WVU receives first gift in new public fundraising campaign
June 14, 2012 ·
West Virginia University’s new fundraising campaign has received its first major public gift from an alumnus in the school’s business college, and his wife.
Doug VanScoy, along with his wife Pam, are native West Virginians who met while they were in high school at Bridgeport, in Harrison County.
The two are donating $1.5 million to WVU through the school’s new fundraising campaign called “A State of Minds: The Campaign for West Virginia’s University.”
It’s the first major gift in this new public effort.
Doug VanScoy says it’s an honor to give back to the school where he was once a student.
"I feel very privileged to be able to do that, what I’m doing hopefully is giving back to this school, to help the school become even greater," VanScoy said.
"I am a great believer in entrepreneurship; I think that it’s helped me in my life; it’s something that I worry about for this country."
WVU is trying to raise $750 million by December of 2015.
It’s the largest private fundraising campaign that’s ever happened in the history of the university.
Through donations in the private part of the campaign, the university has obtained $538 million.
This is the first public gift, after the “State of Minds” launched more than a week ago.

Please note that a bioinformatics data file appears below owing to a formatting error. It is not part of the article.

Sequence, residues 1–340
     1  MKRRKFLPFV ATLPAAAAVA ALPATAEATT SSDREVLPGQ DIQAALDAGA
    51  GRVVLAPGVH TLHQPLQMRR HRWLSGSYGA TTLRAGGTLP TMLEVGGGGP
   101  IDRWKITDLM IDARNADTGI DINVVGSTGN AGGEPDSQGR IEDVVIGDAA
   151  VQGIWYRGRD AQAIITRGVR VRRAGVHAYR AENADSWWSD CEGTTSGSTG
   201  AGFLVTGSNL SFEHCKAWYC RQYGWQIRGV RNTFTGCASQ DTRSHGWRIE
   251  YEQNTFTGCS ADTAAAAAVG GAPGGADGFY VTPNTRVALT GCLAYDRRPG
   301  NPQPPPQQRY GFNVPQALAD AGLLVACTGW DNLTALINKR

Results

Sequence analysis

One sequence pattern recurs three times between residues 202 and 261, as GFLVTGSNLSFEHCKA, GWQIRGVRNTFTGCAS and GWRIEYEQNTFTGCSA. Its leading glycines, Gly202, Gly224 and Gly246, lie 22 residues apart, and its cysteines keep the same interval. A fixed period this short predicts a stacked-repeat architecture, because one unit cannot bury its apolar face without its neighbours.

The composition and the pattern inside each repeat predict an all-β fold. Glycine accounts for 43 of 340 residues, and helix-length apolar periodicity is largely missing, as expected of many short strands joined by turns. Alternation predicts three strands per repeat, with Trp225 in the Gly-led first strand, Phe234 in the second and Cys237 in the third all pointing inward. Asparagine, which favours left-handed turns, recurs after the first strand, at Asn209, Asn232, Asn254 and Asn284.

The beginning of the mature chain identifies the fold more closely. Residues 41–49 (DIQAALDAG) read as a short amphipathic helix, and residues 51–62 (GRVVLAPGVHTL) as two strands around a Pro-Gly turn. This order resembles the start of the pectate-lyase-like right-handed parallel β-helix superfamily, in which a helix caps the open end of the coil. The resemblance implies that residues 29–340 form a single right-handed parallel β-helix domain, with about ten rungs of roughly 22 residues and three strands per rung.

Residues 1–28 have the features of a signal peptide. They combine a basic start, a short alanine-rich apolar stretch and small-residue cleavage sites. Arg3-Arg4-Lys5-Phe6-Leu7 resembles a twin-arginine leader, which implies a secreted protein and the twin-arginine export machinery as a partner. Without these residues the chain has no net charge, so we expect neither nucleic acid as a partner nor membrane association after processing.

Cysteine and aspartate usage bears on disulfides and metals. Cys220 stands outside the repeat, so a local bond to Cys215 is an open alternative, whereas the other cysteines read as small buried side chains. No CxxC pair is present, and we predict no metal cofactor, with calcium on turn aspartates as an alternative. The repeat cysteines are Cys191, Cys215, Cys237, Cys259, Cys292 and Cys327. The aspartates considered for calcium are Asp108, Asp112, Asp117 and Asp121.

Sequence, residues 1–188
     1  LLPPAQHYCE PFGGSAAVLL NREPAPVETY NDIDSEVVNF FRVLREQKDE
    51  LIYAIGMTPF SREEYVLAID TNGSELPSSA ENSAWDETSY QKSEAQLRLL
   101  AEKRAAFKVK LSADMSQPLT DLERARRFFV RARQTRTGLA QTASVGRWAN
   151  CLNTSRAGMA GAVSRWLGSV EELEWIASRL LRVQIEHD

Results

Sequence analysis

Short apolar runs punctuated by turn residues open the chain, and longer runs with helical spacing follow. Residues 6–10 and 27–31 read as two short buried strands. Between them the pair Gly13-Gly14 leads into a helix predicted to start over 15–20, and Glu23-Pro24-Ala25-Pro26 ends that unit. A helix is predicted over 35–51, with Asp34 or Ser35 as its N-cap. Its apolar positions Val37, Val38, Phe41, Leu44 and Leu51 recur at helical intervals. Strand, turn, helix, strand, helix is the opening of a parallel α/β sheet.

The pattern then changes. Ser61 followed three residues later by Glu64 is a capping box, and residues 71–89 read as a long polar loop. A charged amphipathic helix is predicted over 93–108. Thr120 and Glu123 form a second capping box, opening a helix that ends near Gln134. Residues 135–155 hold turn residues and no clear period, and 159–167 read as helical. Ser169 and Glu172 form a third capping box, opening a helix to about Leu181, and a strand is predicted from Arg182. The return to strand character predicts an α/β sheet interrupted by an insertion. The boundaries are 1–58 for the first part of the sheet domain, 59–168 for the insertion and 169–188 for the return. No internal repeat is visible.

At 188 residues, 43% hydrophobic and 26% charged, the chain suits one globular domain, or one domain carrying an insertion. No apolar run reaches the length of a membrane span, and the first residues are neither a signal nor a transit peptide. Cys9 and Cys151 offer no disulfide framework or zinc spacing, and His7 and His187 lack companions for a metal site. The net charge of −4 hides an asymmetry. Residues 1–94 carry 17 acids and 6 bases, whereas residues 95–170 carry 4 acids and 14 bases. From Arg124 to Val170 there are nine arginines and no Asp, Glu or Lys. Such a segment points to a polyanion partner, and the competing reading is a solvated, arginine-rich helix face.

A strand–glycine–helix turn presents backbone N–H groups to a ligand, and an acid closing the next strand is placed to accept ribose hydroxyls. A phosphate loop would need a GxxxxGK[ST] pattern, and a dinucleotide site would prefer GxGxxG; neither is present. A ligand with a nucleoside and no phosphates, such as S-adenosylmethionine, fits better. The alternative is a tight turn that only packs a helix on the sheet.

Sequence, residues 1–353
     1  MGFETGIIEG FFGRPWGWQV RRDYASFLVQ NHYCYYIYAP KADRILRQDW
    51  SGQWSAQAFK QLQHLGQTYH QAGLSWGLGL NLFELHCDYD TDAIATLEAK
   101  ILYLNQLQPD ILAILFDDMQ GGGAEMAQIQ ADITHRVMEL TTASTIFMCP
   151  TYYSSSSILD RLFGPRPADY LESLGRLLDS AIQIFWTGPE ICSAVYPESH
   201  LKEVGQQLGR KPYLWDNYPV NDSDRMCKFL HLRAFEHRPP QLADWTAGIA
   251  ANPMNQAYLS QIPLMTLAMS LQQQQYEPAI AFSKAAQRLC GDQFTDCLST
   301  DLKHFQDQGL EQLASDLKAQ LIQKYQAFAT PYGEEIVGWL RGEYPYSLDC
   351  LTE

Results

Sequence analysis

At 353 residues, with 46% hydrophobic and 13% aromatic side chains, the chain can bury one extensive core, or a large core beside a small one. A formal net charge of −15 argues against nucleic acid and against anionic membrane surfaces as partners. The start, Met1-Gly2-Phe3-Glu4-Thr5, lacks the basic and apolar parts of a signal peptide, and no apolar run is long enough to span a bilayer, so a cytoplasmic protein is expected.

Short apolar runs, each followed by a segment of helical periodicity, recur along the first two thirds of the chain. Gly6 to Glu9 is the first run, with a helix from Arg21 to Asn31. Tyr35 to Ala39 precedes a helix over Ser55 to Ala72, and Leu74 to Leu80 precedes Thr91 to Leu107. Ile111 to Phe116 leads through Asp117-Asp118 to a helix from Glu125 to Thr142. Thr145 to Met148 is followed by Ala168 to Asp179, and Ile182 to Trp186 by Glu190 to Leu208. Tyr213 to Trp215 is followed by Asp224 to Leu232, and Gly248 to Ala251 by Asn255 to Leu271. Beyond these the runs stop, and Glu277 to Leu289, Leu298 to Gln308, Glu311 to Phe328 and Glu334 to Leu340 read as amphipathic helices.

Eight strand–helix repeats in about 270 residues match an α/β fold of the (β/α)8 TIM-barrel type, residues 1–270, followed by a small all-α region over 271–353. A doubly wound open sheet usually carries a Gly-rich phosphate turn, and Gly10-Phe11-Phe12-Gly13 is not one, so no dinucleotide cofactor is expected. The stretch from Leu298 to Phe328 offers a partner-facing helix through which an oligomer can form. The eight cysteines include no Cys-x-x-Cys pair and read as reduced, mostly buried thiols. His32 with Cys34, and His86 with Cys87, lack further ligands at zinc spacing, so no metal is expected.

VanScoy says he’s seen a lot of changes at his university over the years, and that the university still has work to do to keep it competitive.
"Not to have an MBA program with a focus on energy, is something that should have been done, and we are going to do that," VanScoy said.
"One of our big issues in this state is health care, and to have a business program revolving around health care, I think, is important."
Jose Sartarelli is the dean of the WVU College of Business and Economics.
He says the donation from the VanScoys will be split three ways: one third will go to the WVU Center for Innovation and Entrepreneurship, one third will go to the school’s Hospitality and Tourism program, and the rest will go to a discretionary fund for the dean.
Sartarelli says the university needs more facilities to help students, because he sees some having to hold meetings in hallways.
"Gifts like this will allow us to build like other schools, many other schools have. Student meeting rooms, full-equipped with computers, projection capability, audio/visual, so five or six students as part of a team can spend a few hours together, prepare a proposal, review a case. You have to have those facilities," Sartarelli said.
Sartarelli agrees with VanScoy, and says the business school should also be working to create programs that focus on energy, and health care---two issues that greatly affect the state, as well as tourism.
"Those are relevant and very important to the state, hospitality, energy and health care. We are in some respects behind, in some aspects of it, so we have to do a lot more. We are all in the business of improving human capital," he said.
The campaign is being conducted by the WVU Foundation.